We also obtained perspectives from high-level U.S. and European stakeholder associations representing airlines, airports, as well as airframe and equipment manufacturers. In Washington, D.C., we visited the Aerospace Industries Association (AIA), to meet with officials from AIA’s Civil Aviation Infrastructure, International Affairs, and Standardization Offices. Officials from Raytheon’s Civil Programs and Rockwell Collins’ Strategic Initiatives also participated in the AIA meeting. At Honeywell, we met with an official with Aerospace Regulatory Affairs. At the Air Transport Association, we met with officials within Legislative and Regulatory Policy, Airspace Management, and Operations. At the International Air Transport Association, we met with officials within Infrastructure Implementation and Airports; Legislative Affairs North America; Safety, Operations, and Infrastructure for the Americas; and Safety, Operations, and Infrastructure in Europe. At Airbus’ Washington, D.C., office, we met with officials within Engineering, Airbus Americas; Safety and Technical Affairs; Government Relations; and Airbus Prosky. We also met with officials from Airports Council International. We conducted telephone interviews with officials from the National Business Aviation Association; FedEx; the International Federation of Air Traffic Controllers’ Associations (IFATCA); the International Coordinating Council of Aerospace Industries Associations, and a Professor of Aeronautics and Astronautics.

To obtain perspectives of European stakeholders, we visited the Aerospace and Defense Industries Association of Europe to meet with an official from Air Transport and an official representing Dassault Aviation, Direction Generale Technique, and we met with a representative of EU Air Navigation Service Providers. We conducted telephone interviews with officials from the Industry Consultation Body (ICB) and the Civil Air Navigation Services Organization (CANSO).

To determine how FAA’s collaborative efforts with the EU compare with effective interagency collaborative practices, we compared FAA’s collaborative efforts, as documented in status reports of action plan teams and in the 2011 Memorandum of Cooperation, with key practices that we have previously identified in effective interagency collaborations.20 We combined two of the practices into one due to their similarities, resulting in the seven key practices that we used to conduct our comparative analysis. Prior to deciding on the seven key practices, we conducted a literature search of peer reviewed journal articles published between 2006 and 2011 to identify studies on effective practices for interagency or international collaboration. We conducted a search utilizing multiple databases, such as ProQuest, Academic OneFile, and EconLit, using search terms such as collaboration, cooperation, coordination combined with the terms interagency, successful, and effective. From those sources, an initial 428 results were returned. After reviewing citations for relevance and eliminating duplicates, we were left with 37 citations. We reviewed citations to select studies dealing explicitly with effective practices for collaboration. Based on the review of these articles, we identified effective practices for collaboration and compared these practices with those from our prior work with the conclusion that the practices we had previously identified were (1) consistent with the academic literature on interagency collaboration, and (2) also applicable to international collaboration.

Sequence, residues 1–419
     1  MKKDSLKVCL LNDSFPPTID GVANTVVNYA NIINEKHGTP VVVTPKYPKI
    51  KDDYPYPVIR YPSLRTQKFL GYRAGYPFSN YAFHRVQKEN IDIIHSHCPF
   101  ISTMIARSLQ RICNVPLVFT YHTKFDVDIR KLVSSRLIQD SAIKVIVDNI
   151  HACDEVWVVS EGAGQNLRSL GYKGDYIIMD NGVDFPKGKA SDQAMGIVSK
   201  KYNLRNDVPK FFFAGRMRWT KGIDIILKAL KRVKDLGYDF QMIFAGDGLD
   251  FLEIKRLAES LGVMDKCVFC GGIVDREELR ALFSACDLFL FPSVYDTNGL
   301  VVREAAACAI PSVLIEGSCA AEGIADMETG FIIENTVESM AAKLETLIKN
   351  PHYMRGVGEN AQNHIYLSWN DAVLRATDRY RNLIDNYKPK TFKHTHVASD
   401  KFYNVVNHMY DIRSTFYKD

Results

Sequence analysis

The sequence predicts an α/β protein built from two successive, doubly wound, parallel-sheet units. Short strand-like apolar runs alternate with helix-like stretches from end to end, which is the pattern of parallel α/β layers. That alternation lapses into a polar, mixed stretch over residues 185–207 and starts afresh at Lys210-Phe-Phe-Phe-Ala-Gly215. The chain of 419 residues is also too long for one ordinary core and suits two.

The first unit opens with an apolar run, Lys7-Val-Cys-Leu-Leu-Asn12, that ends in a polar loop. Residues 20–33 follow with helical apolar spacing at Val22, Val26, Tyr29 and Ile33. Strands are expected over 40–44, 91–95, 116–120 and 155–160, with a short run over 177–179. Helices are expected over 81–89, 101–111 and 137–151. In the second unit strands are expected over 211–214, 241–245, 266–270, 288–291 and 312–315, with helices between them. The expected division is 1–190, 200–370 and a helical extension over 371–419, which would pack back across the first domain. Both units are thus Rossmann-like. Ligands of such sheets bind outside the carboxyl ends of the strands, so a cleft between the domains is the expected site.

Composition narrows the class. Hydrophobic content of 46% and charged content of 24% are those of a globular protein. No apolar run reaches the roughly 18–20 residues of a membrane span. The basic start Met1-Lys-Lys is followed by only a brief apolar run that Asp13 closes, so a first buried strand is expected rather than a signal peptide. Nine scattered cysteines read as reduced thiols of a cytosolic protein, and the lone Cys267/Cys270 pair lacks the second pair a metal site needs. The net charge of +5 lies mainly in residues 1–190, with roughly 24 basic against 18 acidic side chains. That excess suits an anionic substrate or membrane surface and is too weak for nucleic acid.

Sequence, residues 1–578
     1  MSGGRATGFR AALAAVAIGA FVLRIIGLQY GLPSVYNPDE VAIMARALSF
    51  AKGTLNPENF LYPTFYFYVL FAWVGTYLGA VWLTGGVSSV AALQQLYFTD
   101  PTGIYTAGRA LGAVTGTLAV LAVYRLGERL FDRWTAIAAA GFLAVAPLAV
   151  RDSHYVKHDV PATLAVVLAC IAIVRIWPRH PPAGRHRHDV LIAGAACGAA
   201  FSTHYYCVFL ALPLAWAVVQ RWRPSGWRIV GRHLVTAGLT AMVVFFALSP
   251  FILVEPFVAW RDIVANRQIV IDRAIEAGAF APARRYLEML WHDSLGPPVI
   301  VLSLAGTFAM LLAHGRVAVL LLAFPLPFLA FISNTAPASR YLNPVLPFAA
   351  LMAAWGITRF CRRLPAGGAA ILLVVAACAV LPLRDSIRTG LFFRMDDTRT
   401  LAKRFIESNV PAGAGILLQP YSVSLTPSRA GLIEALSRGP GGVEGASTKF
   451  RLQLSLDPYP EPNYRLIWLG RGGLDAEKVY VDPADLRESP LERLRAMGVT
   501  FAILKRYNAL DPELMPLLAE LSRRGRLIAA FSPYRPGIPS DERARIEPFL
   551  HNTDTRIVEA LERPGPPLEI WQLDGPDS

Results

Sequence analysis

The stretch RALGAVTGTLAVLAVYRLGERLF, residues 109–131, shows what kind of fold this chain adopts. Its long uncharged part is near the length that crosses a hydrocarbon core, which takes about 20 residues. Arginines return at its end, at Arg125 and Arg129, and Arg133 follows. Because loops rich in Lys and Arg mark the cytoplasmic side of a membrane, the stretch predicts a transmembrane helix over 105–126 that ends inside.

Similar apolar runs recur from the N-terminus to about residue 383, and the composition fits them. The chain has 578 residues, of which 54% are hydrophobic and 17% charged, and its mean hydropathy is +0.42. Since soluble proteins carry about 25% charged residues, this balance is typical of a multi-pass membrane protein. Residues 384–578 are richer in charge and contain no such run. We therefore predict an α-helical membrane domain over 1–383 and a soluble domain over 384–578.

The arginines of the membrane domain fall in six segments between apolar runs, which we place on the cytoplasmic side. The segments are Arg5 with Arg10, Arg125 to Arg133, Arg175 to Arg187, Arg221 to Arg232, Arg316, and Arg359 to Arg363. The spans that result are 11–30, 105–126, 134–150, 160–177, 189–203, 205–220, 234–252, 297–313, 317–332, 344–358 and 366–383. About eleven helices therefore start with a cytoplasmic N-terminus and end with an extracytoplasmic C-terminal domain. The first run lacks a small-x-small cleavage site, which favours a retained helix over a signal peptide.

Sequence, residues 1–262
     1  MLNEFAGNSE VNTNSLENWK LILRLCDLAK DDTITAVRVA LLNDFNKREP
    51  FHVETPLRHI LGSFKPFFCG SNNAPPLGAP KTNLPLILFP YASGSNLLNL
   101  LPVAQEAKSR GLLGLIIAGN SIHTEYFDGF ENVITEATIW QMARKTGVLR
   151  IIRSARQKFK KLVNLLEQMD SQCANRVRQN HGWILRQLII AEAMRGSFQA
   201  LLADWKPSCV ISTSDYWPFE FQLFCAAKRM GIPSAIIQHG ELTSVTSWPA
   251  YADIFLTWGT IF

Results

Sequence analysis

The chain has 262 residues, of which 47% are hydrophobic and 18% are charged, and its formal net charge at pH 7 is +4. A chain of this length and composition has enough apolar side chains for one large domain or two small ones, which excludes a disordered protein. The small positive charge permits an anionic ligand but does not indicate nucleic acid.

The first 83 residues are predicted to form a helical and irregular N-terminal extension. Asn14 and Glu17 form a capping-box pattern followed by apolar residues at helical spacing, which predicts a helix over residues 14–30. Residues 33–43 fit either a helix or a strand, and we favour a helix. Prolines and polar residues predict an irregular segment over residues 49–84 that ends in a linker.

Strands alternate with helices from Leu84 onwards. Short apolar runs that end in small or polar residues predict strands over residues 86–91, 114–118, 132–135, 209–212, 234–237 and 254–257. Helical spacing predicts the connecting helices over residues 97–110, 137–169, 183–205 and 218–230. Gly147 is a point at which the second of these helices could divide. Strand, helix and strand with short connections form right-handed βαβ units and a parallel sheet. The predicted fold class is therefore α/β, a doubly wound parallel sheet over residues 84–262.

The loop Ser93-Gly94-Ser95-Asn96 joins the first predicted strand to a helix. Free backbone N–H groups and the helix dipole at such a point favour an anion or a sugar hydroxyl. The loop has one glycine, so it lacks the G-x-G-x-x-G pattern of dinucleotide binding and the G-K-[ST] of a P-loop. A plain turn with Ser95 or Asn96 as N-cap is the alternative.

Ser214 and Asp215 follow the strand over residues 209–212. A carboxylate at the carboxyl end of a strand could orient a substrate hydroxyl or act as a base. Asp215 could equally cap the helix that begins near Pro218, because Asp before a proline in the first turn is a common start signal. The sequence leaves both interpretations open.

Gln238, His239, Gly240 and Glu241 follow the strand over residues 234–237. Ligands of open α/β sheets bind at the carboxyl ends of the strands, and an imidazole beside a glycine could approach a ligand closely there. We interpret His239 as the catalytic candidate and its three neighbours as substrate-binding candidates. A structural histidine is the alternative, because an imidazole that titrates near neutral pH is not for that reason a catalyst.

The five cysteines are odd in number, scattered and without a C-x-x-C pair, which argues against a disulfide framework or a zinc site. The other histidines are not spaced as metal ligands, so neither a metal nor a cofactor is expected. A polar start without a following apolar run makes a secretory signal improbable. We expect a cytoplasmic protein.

We conducted this performance audit from January to November 2011 in accordance with generally accepted government auditing standards. Those standards require that we plan and perform the audit to obtain sufficient, appropriate evidence to provide a reasonable basis for our findings and conclusions based on our audit objectives. We believe that the evidence obtained provides a reasonable basis for our findings and conclusions based on our audit objectives.

GAO Contact

Gerald L. Dillingham, Ph.D. (202) 512-2834 or

Staff Acknowledgments

In addition to the contact named above, Maria Edelstein, Assistant Director; Nabajyoti Barkakati; Lauren Calhoun; Elizabeth Curda; Pamela Davidson; Leia Dickerson; Colin Fallon; Jeffrey Heit; Edmond Menoche; Joshua Ormond; Taylor Reeves; and Maria Stattel made key contributions to this report.



ADS-B Automatic Dependent Surveillance – Broadcast
AIA Aerospace Industries Association
ATO Air Traffic Organization
CARATS Collaborative Actions for Renovation of Air Traffic Systems
CANSO Civil Air Navigation Services Organization
EASA European Aviation Safety Agency
EU European Union
EUROCAE European Organisation for Civil Aviation Equipment